Gospel Mortification, by Ralph Erskine

http://www.puritansermons.com/erskine/erskine4.htm

1. Gospel mortification is from gospel principles, viz. the Spirit of God [Rom. 8. 13], ‘If ye through the Spirit mortify the deeds of the body, ye shall live’; Faith in Christ [Acts 15. 9], ‘Purifying their hearts by faith’; The love of Christ constraining [2 Cor. 5. 14], ‘The love of Christ constraineth us.’ But legal mortification is from legal principles such as, from the applause and praise of men, as in the Pharisees; from pride of self-righteousness, as in Paul before his conversion; from the fear of destruction; from a natural conscience; from the example of others; and many times from the power of sin itself, while one sin is set up to wrestle with another, as when sensuality and self-righteousness wrestle with one another. The man, perhaps, will not drink and swear. Why? Because he is setting up and establishing a righteousness of his own, whereby to obtain the favor of God here is but one sin wrestling with another.

2. They differ in their weapons with which they fight against sin. The gospel believer fights with grace’s weapons, namely, the blood of Christ, the word of God, the promises of the gospel, and the virtue of Christ’s death and cross [Galatians 6. 14] ‘God forbid that I should glory, save in the cross of the Lord Jesus Christ, by whom (whereby) the world is crucified to me, and I to the world.’ But now the man under the law fights against sin by the promises and threatenings of the law; by its promises, saying, I will obtain life, I hope, if I do so and so; by its threatenings, saying, I will be damned, if I do not so and so. Sometimes he fights with the weapons of his own vows and resolutions, which are his strong tower, to which he runs and thinks himself safe.

3. The believer will not serve sin, because he is alive to God, and dead to sin [Romans 6. 6]. The legalist forsakes sin, not because he is alive, but so that he may live. The believer mortifies sin, because God loves him; but the legalist, that God may love him. The believer mortifies, because God is pacified towards him; the legalist mortifies, that he may pacify God by his mortification. He may go a great length, but it is still that he may have whereof to glory, making his own doing at least some of the foundation of his hope and comfort.

Advertisements
Explore posts in the same categories: faith

Tags: , ,

You can comment below, or link to this permanent URL from your own site.

4 Comments on “Gospel Mortification, by Ralph Erskine”

  1. markmcculley Says:

    http://doulogos.blogspot.com/2010/06/sanctification-done-right.html

    The Difference Between Legal & Gospel Mortification[1]

    by Ralph Erskine

    1. Gospel and legal mortification differ in their principles from which they proceed. Gospel mortification is from gospel principles, viz. the Spirit of God [Rom. 8. 13], ‘If ye through the Spirit mortify the deeds of the body, ye shall live’; Faith in Christ [Acts 15. 9], ‘Purifying their hearts by faith’; The love of Christ constraining [2 Cor. 5. 14], ‘The love of Christ constraineth us.’ But legal mortification is from legal principles such as, from the applause and praise of men, as in the Pharisees; from pride of self-righteousness, as in Paul before his conversion; from the fear of hell; from a natural conscience; from the example of others; from some common motions of the Spirit; and many times from the power of sin itself, while one sin is set up to wrestle with another, as when sensuality and self-righteousness wrestle with one another. The man, perhaps, will not drink and swear. Why? Because he is setting up and establishing a righteousness of his own, whereby to obtain the favour of God; here is but one sin wrestling with another.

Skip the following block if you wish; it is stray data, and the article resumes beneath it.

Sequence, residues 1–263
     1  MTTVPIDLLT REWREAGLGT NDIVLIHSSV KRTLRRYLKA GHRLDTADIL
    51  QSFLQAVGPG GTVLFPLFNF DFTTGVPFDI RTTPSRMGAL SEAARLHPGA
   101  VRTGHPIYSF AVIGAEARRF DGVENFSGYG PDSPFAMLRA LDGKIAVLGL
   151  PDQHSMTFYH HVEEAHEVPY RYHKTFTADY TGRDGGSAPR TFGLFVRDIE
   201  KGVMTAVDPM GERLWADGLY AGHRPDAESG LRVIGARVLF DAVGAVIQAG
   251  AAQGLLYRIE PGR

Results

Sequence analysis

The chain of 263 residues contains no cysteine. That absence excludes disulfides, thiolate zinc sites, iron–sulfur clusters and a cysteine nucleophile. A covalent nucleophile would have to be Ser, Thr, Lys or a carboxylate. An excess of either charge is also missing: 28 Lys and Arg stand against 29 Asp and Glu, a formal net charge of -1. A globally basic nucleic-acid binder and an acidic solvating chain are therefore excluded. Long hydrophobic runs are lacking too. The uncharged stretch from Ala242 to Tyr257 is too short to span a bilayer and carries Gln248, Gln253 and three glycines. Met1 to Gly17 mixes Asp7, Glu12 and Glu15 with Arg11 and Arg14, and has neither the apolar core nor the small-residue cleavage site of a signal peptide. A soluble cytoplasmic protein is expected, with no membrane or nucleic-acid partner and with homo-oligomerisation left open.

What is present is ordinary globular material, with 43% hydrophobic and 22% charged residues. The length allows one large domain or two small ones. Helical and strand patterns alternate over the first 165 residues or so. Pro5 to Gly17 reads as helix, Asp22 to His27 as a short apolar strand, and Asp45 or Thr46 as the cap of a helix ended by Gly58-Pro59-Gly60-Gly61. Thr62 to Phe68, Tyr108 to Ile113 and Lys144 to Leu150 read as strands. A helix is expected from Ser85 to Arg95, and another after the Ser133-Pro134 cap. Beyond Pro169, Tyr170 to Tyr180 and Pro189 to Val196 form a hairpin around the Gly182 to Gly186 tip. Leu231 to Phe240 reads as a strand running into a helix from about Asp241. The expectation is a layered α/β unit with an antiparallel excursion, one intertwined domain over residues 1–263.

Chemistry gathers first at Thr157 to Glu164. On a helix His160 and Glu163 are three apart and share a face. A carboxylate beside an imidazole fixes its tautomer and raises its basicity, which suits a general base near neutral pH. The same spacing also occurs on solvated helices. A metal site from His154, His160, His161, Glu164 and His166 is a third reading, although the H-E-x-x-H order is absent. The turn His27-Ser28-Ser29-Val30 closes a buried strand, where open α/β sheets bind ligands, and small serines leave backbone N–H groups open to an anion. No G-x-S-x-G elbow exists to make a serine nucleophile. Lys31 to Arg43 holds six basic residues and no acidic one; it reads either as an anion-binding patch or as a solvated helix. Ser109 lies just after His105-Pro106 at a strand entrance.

2. They differ in their weapons with which they fight against sin. The gospel believer fights with grace’s weapons, namely, the blood of Christ, the word of God, the promises of the covenant, and the virtue of Christ’s death and cross [Gal. 6. 14]: ‘God forbid that I should glory, save in the cross of the Lord Jesus Christ, by whom [or, as it may be read, ‘whereby,’ viz. by the cross of Christ,] the world is crucified to me, and I to the world.’ But now the man under the law fights against sin by the promises and threatenings of the law; by its promises, saying, I will obtain life; and win to heaven, I hope, if I do so and so; by its threatenings, saying, I will go to hell and be damned, if I do not so and so. Sometimes he fights with the weapons of his own vows and resolutions, which are his strong tower, to which he runs and thinks himself safe.

    3. They differ in the object of their mortification. They both, indeed, seek to mortify sin, but the legalist’s quarrel is more especially with the sins of his conversation [i.e., behaviour], whereas the true believer should desire to fight as the Syrians got orders [1 Kings 22:31], that is, neither against great nor small, so much as against the King himself, even against original corruption. A body of sin and death troubles him more than any other sin in the world; ‘O wretched man that I am! who shall deliver me from this body of death?’ [Rom. 7. 24]. His great exercise is to have the seed of the woman to bruise this head of the serpent.

    4. They differ in the reasons of the contest. The believer, whom grace teaches to deny all ungodliness, he fights against sin because it dishonours God, opposes Christ, grieves the Spirit, and separates between his Lord and him; but the legalist fights against sin, because it breaks his peace, and troubles his conscience, and hurts him, by bringing wrath and judgment on him. As children will not play in the dust, not because it sullies their clothes, but flies into their eyes, and hurts them, so the legalist will not meddle with sin, not because it sullies the perfections of God, and defiles their souls, but only because it hurts them. I deny not, but there is too much of this legal temper even amongst the godly.

    5. They differ in their motives and ends. The believer will not serve sin, because he is alive to God, and dead to sin [Rom. 6. 6]. The legalist forsakes sin, not because he is alive, but that he may live. The believer mortifies sin, because God loves him; but the legalist, that God may love him. The believer mortifies, because God is pacified towards him; the legalist mortifies, that he may pacify God by his mortification. He may go a great length, but it is still that he may have whereof to glory, making his own doing all the foundation of his hope and comfort.